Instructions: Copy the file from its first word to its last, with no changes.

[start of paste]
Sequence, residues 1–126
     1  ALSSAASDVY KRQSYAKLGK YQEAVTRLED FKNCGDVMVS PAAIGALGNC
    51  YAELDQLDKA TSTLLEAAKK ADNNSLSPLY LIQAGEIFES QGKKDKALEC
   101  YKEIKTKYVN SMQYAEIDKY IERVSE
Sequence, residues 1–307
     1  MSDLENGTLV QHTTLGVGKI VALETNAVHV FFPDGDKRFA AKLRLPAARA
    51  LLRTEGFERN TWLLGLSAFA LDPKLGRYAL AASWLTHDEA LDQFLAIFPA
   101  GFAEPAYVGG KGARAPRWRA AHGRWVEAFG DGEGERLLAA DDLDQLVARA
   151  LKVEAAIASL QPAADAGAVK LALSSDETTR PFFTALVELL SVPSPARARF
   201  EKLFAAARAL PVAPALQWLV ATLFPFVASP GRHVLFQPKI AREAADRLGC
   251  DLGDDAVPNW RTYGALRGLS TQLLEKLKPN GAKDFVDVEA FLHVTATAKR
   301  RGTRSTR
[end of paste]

Sequence, residues 1–126
     1  ALSSAASDVY KRQSYAKLGK YQEAVTRLED FKNCGDVMVS PAAIGALGNC
    51  YAELDQLDKA TSTLLEAAKK ADNNSLSPLY LIQAGEIFES QGKKDKALEC
   101  YKEIKTKYVN SMQYAEIDKY IERVSE
Sequence, residues 1–307
     1  MSDLENGTLV QHTTLGVGKI VALETNAVHV FFPDGDKRFA AKLRLPAARA
    51  LLRTEGFERN TWLLGLSAFA LDPKLGRYAL AASWLTHDEA LDQFLAIFPA
   101  GFAEPAYVGG KGARAPRWRA AHGRWVEAFG DGEGERLLAA DDLDQLVARA
   151  LKVEAAIASL QPAADAGAVK LALSSDETTR PFFTALVELL SVPSPARARF
   201  EKLFAAARAL PVAPALQWLV ATLFPFVASP GRHVLFQPKI AREAADRLGC
   251  DLGDDAVPNW RTYGALRGLS TQLLEKLKPN GAKDFVDVEA FLHVTATAKR
   301  RGTRSTR